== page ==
Bermúdez Barrios's Sujetos transnacionales studies three films: Novia que te vea, Miroslava, and Ilona llega con la lluvia. All of them, two Mexican and the other Colombian, were released during the 1990s and include women who are or who have been subjected to marginalization due to their race, nationality, [End Page 1030] ethnicity, religion, or sexual orientation. Likewise, they were all novels (Rosa Nissán–Novia, Guadalupe Loaeza–Miroslava, and Ávaro Mutis–Ilona) before they were produced as films. The author is not only interested in discussing how these narratives came to be produced as cinema but also analyses arguments she views as important and how they are portrayed on the silver screen.
This study is the fruit of the author's doctoral thesis, which she wrote while a student at the University of Kansas. Even in her introduction she is quite clear about this fact. The book does have a doctoral thesis feel to it, which is perhaps most evident in its structure. A thorough introduction to the body of her work is followed by three chapters and a summarizing conclusion, which is followed in turn by an appendix of two interviews (an interesting one carried out in Mexico City with Rosa Nissán and another with Sergio Cabrera, the director of Ilona llega con la lluvia, during his visit to the University of Kansas).
The analytical chapters are hefty and demonstrate the author's desire to delve deeply into each subject. However, their progressive reduction in size (they are quite long, but each one is progressively smaller) tends to give the impression that the author's forte is the work of Rosa Nissán. This gusto for Nissán's writings becomes manifest in the appendix interview as well. The author's abundant use of footnotes can be a bit cumbersome at times, but they do evidence her zeal to convey more information on the topic at hand and often contain helpful background information and additional points–some of which probably could have been successfully incorporated into the main body. In her analysis of the subject, Bermúdez Barrios demonstrates a keen interest in the texts themselves and concentrates a great deal of her analysis on cinematic techniques such as the voice-over and the flashback.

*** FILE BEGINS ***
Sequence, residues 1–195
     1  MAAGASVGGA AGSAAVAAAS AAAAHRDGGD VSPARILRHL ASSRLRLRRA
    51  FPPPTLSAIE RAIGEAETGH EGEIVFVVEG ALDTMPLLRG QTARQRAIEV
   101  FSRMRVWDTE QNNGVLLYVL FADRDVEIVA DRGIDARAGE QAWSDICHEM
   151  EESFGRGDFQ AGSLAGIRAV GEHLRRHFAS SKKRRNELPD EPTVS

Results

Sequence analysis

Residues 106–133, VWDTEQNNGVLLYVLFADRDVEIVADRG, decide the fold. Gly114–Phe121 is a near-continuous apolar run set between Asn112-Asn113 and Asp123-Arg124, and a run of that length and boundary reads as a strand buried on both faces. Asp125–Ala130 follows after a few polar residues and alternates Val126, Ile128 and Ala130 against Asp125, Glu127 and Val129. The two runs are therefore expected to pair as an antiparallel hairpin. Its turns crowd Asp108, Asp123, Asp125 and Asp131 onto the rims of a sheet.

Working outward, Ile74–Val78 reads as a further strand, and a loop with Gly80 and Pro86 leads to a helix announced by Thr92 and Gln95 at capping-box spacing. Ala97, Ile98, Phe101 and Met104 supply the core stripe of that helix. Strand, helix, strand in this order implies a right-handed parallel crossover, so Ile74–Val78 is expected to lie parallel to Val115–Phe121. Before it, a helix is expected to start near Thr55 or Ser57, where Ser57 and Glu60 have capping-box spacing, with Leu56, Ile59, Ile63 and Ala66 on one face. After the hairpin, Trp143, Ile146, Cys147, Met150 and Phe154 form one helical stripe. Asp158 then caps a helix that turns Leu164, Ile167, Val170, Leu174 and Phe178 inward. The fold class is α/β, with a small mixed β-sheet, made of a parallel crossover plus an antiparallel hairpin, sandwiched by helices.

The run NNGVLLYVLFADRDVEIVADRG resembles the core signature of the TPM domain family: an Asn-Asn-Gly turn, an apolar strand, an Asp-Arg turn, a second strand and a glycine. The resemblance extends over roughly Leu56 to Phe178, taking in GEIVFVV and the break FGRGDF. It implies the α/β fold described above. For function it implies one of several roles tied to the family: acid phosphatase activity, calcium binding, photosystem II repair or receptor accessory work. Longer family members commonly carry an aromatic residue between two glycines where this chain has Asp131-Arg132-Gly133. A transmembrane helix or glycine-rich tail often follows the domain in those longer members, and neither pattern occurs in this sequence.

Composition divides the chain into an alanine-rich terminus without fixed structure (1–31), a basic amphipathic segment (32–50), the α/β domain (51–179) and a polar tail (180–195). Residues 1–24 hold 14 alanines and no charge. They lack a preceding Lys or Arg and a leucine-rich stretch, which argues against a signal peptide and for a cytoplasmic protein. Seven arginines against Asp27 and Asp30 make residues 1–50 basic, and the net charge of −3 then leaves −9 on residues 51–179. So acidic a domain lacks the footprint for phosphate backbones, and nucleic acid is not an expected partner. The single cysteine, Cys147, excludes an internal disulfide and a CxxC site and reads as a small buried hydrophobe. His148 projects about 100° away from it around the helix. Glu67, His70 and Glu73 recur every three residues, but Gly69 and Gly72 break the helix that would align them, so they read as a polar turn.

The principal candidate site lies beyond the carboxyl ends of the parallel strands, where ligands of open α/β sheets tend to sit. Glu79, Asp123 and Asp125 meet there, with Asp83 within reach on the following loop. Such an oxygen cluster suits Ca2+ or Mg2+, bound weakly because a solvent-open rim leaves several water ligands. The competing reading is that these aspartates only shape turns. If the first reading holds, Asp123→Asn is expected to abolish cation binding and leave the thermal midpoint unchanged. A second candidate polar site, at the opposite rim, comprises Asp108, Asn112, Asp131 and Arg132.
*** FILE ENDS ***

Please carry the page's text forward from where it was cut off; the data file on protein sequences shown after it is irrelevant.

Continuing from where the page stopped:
The author has been able to include a large number of black and white stills within this volume. This is a positive detail as it not only provides a source of visual examples and points of analysis within the text but also helps the reader who might not have been able to obtain these lesser-known films observe many of the examples the author underlines in her study. This is a definite plus for a book which is helping to bring cinema with a smaller impact outside Latin America to a wider, and possibly less specialized, readership.
Sujetos transnacionales does give the impression at times that it centres so much on certain points of analysis that it might exclude some obvious details which could possibly have been beneficial to the text. The author mentions, for example, the adaption of Nissán's novel into its filmic form, but what she does not discuss are the problems between the three scriptwriters (Schfter, Nissán and Hiriat), and how the project was taken from Nissán and transformed in ways of which she did not approve. Commentary on what eventually became a public issue (as Nissán and the other scriptwriters took to the papers in their venting) could have been useful inasmuch as some of their disagreement had to do with the portrayal of the female protagonists–a point of interest to Barrios's study. Another example of this can be found in her introduction, where she goes to great lengths to link the two Mexican films with the Colombian one, with an argument that is plausible, without mentioning the clear Mexican connection that the Colombian author has. Álvaro Mutis spent a significant time in...